Corinna Loeckenhoff, associate professor of human development, is the 2014 recipient of the Margret M. and Paul B. Baltes Foundation Award in Behavioral and Social Gerontology from The Gerontological Society of America (GSA) – the nation’s largest interdisciplinary organization devoted to the field of aging.
This annual award, which Loeckenhoff will receive at GSA’s 67th Annual Scientific Meeting, Nov. 5-9 in Washington, D.C., recognizes outstanding early career contributions in behavioral and social gerontology.
Loeckenhoff directs the Laboratory for Healthy Aging in the College of Human Ecology at Cornell. She has published more than 35 refereed journal articles, many in the flagship journals in psychology and aging. Her groundbreaking research revolves around age differences in socio-emotional functioning and their implications for health-related decision-making and outcomes. Recently she has focused on translating findings from laboratory-based decision-making paradigms to real-world health care settings.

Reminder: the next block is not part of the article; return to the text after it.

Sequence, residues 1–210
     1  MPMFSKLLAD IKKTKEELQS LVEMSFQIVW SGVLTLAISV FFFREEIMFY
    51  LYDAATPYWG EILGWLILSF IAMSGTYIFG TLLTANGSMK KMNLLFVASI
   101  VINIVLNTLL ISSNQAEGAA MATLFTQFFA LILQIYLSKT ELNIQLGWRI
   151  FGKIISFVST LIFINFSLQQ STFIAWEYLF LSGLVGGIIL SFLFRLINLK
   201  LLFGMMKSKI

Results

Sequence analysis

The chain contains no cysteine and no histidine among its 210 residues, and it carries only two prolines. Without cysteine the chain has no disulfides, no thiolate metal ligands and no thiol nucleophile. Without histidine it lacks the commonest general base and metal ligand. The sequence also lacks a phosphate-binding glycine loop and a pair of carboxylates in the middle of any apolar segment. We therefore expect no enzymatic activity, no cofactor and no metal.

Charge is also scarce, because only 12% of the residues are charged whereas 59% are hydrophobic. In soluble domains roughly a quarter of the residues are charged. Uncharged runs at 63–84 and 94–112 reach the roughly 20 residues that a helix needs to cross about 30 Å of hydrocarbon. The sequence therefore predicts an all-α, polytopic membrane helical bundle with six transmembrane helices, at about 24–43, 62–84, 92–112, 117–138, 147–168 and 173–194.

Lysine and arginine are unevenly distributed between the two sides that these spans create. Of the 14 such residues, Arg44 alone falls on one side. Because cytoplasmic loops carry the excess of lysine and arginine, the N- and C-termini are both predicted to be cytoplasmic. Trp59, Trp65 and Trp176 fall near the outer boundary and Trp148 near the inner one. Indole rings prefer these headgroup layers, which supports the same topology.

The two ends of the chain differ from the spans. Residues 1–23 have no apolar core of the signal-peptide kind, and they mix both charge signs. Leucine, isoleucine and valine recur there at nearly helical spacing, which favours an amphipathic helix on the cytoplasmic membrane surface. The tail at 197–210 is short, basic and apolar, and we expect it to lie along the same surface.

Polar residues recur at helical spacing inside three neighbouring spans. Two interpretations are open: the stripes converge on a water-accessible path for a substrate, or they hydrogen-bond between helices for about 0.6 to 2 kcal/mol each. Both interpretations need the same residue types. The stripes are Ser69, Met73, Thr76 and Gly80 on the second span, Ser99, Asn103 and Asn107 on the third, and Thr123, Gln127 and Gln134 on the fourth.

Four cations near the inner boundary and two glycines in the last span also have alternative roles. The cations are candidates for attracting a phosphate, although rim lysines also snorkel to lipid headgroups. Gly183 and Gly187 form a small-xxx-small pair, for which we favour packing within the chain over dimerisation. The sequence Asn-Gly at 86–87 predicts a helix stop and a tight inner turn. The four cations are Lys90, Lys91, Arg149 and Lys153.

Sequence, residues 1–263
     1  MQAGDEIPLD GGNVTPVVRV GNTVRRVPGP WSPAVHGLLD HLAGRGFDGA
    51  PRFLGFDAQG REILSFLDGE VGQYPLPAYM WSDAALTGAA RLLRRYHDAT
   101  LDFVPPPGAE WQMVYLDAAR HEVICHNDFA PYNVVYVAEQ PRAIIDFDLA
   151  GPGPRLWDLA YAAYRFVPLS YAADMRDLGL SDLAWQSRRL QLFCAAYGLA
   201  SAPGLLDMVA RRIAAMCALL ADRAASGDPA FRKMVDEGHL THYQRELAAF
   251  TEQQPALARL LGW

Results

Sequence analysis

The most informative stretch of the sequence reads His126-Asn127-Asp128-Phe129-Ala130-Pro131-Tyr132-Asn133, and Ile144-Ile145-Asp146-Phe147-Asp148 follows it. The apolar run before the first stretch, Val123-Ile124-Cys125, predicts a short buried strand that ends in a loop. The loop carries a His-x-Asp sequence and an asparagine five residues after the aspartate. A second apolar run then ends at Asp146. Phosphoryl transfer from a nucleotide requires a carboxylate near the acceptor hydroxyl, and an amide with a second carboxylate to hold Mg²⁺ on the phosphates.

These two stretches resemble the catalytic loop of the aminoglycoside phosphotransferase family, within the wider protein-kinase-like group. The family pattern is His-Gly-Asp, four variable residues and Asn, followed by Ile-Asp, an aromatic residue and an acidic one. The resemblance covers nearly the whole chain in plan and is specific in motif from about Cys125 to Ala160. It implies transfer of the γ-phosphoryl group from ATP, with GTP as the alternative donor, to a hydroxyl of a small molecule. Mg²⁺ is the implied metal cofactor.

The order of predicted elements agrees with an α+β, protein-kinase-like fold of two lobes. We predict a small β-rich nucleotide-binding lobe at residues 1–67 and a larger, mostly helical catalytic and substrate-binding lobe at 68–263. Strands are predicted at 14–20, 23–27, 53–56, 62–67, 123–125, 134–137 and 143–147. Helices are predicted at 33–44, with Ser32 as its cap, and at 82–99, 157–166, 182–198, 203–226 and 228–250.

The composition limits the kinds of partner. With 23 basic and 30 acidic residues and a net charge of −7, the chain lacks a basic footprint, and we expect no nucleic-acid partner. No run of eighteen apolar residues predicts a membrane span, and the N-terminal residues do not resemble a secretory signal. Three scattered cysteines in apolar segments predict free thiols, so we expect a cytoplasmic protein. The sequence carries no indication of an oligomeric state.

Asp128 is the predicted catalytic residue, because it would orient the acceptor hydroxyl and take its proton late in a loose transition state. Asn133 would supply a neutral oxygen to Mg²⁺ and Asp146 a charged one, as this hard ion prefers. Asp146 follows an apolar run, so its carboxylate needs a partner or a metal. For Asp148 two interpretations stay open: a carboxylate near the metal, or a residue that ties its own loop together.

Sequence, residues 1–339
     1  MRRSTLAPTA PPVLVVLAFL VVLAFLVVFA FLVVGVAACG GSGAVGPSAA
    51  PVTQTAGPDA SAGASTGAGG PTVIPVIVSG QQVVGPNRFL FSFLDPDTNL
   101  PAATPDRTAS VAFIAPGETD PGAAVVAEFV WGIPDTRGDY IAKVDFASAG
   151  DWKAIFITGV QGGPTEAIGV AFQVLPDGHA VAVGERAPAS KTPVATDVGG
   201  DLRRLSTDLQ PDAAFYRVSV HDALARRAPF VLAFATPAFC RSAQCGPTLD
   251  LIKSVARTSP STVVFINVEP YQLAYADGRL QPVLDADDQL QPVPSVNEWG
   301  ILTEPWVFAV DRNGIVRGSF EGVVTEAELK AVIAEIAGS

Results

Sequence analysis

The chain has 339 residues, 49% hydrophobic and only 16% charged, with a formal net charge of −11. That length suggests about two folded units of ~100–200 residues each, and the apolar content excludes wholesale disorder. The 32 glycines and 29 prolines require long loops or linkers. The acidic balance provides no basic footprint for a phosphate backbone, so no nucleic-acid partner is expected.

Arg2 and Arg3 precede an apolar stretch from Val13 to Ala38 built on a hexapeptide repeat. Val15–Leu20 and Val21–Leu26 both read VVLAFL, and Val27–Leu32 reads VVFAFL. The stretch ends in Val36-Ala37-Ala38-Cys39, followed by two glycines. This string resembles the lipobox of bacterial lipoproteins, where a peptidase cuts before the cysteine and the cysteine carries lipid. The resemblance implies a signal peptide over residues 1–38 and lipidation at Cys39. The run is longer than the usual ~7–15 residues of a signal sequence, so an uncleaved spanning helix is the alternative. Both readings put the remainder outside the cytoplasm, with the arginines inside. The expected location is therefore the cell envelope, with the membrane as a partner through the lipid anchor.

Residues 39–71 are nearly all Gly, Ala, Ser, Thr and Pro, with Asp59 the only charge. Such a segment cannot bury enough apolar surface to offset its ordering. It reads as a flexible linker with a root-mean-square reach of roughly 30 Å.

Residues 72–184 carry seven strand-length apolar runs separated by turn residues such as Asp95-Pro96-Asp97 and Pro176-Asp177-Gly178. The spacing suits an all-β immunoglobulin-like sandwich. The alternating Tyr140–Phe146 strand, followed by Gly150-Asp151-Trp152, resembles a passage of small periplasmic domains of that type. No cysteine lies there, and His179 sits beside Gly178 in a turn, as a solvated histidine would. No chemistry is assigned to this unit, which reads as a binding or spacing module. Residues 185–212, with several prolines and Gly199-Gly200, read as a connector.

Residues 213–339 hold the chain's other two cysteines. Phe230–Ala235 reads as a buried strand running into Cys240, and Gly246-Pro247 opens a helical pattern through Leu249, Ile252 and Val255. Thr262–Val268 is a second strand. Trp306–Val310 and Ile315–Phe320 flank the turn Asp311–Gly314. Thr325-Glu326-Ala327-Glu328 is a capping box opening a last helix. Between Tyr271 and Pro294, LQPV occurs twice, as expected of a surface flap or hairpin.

Her work also has major implications for understanding barriers to optimal decision-making among older adults and their family members who face challenging choices in the face of life-threatening illnesses. Her research program focuses on the role of stressful life events, social relationships, and balancing present and future well-being.
Her work, at an early career stage, has contributed to understanding age differences in time horizons, personality and emotion. In addition, she has done fundamental research on lifelong trajectories in personality traits and social cognition. Particularly notable, Loeckenhoff’s work has shed new light on the impact of these phenomena on mental and physical health, with attention to cultural differences.
Loeckenhoff received her undergraduate degree from the University of Marburg in Germany (1999) and a Ph.D. in personality psychology from Stanford University (2004).